The Enid News and Eagle, Enid, OK

Local news

June 7, 2012

Hamm establishes international prize award for diabetes research

One of the largest prizes available for scientific research on diabetes has been established by former Enid businessman Harold Hamm and the Harold Hamm Diabetes Center at the University of Oklahoma.

Hamm is chairman and chief executive officer of Continental Resources, which was started in Enid. Hamm has moved company headquarters to Oklahoma City.

The $250,000 Harold Hamm International Prize for Biomedical Research in Diabetes was announced in Philadelphia by Hamm and David Boren, president of the University of Oklahoma, just prior to the opening of the American Diabetes Associa-tion’s 72nd Scientific Sessions.

The goal is to stimulate research to find a cure for diabetes.

“My hope is that by launching this major new international research prize, we will light a worldwide fire of scientific innovation toward finding a cure for diabetes within this generation,” Hamm said. “I’m excited to be part of this next chapter in the fight against diabetes and to see the outstanding new research the prize search will encourage and recognize.”

The Harold Hamm Diabetes Center at the University of Oklahoma is a comprehensive center of excellence integrating novel research, world-class patient care and large-scale prevention programs. The center is located in Oklahoma City.

Officials expect to announce the winner of the award next spring.

Both Hamm and Boren have Type 2 diabetes, and are passionate about diabetes research and care.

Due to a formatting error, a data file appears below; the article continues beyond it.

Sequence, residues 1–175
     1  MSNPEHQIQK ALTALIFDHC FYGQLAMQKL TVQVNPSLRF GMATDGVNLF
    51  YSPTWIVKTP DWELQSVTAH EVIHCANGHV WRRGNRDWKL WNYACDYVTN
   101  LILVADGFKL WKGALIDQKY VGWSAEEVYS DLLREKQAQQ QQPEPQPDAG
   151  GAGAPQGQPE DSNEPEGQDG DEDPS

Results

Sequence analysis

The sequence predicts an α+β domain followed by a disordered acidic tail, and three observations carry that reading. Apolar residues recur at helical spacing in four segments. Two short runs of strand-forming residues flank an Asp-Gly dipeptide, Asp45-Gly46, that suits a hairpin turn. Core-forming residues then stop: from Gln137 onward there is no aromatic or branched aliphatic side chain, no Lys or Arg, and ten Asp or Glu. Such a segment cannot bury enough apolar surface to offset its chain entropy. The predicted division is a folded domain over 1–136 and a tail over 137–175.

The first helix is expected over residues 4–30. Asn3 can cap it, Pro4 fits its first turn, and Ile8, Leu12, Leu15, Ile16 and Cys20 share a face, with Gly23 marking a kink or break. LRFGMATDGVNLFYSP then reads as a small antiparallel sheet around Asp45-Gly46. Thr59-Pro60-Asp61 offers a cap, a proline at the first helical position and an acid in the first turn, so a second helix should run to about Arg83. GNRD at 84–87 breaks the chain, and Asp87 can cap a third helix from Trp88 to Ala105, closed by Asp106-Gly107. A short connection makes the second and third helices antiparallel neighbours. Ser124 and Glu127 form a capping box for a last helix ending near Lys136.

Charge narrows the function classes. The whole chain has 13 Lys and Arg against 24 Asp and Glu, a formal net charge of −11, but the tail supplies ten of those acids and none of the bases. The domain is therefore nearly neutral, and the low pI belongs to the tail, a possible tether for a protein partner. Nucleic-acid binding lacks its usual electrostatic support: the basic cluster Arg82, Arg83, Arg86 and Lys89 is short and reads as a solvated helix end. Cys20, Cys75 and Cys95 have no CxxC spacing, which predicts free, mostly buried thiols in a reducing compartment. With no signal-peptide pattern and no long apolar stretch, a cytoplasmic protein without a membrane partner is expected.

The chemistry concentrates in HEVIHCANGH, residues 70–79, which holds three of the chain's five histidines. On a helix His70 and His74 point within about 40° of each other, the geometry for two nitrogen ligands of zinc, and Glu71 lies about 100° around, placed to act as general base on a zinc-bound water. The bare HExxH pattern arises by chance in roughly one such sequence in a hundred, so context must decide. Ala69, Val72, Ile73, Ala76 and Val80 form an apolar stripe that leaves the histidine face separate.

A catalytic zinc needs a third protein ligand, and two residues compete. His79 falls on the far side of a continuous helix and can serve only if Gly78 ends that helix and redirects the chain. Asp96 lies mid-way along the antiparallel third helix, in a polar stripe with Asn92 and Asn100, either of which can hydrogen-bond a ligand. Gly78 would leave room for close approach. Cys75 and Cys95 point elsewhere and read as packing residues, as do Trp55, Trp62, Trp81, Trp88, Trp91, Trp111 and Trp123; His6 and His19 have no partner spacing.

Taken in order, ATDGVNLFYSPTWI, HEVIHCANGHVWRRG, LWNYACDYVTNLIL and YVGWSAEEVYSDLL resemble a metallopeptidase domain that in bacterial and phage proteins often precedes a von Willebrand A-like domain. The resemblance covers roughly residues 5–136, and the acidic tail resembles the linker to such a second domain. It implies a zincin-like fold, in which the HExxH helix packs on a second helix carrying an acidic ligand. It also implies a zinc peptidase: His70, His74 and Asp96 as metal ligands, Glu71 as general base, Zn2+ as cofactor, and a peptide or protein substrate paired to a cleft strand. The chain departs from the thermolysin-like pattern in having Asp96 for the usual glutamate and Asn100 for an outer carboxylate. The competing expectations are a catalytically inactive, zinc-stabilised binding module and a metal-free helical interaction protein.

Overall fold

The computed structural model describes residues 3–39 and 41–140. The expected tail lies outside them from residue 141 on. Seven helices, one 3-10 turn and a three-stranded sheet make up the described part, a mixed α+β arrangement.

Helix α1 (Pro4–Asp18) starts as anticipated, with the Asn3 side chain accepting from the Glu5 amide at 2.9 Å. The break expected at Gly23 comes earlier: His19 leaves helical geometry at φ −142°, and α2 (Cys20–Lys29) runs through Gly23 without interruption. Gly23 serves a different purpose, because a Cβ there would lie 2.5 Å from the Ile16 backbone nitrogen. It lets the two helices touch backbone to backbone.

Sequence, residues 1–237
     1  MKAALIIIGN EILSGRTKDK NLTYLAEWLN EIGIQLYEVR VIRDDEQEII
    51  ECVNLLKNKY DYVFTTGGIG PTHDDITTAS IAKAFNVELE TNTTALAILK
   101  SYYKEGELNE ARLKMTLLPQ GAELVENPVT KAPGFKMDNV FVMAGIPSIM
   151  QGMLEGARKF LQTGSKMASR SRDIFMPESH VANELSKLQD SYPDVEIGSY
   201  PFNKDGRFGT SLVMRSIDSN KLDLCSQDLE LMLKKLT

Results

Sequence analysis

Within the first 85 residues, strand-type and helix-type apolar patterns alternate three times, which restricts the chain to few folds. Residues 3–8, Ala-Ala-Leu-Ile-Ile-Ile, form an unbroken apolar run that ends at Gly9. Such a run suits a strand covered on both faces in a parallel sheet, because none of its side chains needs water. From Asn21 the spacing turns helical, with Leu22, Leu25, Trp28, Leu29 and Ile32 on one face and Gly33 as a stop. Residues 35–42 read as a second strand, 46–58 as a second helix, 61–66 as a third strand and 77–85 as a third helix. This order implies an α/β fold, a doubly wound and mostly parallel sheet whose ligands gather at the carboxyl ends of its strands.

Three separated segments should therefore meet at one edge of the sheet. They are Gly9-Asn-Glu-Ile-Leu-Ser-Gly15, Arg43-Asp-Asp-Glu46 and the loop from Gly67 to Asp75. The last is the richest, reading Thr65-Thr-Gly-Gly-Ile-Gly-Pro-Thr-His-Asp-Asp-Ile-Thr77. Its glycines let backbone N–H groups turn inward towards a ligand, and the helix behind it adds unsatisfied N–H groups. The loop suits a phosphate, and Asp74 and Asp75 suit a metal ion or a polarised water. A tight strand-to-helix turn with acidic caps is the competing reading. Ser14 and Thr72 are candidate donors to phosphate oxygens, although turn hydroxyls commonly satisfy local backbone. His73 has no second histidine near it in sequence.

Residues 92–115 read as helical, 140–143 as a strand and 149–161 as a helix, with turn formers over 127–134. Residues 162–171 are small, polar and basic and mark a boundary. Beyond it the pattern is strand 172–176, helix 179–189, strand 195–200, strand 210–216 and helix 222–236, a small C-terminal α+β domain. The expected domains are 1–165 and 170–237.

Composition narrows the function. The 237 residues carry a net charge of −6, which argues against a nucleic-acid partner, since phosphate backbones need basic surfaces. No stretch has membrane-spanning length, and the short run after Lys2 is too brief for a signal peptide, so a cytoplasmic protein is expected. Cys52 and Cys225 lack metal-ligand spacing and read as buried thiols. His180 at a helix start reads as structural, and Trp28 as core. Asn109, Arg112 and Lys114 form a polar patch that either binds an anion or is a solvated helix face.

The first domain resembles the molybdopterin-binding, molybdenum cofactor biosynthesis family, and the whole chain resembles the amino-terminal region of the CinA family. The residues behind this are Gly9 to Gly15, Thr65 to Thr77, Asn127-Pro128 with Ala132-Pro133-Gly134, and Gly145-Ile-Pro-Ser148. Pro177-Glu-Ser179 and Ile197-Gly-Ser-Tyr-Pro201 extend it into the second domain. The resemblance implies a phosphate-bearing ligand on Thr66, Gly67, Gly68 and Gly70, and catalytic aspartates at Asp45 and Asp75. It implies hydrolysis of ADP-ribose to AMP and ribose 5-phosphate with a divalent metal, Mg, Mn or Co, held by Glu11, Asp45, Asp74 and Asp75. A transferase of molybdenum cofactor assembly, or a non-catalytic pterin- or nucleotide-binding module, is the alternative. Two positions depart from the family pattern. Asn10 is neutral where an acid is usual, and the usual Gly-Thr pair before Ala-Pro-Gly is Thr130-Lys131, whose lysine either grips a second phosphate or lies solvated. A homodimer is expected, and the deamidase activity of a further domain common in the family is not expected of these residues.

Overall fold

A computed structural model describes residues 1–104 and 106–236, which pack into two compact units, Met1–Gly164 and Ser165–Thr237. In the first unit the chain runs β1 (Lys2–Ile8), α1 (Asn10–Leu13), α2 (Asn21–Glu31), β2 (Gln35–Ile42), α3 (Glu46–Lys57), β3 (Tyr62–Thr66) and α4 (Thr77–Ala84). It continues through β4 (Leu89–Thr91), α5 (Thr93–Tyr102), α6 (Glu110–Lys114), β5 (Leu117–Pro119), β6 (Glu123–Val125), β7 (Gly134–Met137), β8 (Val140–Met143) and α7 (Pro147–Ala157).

“We can no longer ignore the growing global epidemic that is having a devastating impact on young and old alike, and costing health systems worldwide billions of dollars each year,” Boren said. “At the Harold Hamm Diabetes Center, we are on a mission to find a cure for diabetes and provide those suffering from the disease with dramatically improved clinical care. Our doctors are dedicated and focused on this mission, and the establishment of the Harold Hamm International Prize for Biomedical Research in Diabetes will help us extend our reach to support and recognize others who share our passion. I would like to thank Harold Hamm, whose generosity and personal commitment to improving the lives of those with diabetes has led to the establishment of this important prize.”

The Harold Hamm International Prize will be awarded biennially to a laureate selected by a rotating jury of national and international leaders in the field of diabetes.

The winners will be selected solely on the basis of scientific merit, recognizing scientific breakthroughs in the field of diabetes, with special emphasis on progress toward a cure. Individual researchers, teams of researchers and research institutions are eligible for nomination by the jury.  

According to the International Diabetes Foundation, there were 366 million people worldwide with diabetes in 2011. By 2030, that number is projected to grow to 552 million.

Oklahoma ranks in the top four in the nation in diabetes prevalence.

According to Oklahoma State Department of Health, 304,500 adult Oklahomans have been diagnosed with diabetes and another 124,400 have the disease but have not been diagnosed. OSDH estimates diabetes costs the state more than $3 billion a year.

To learn more about the prize, go to www.HaroldHammPrize.org.

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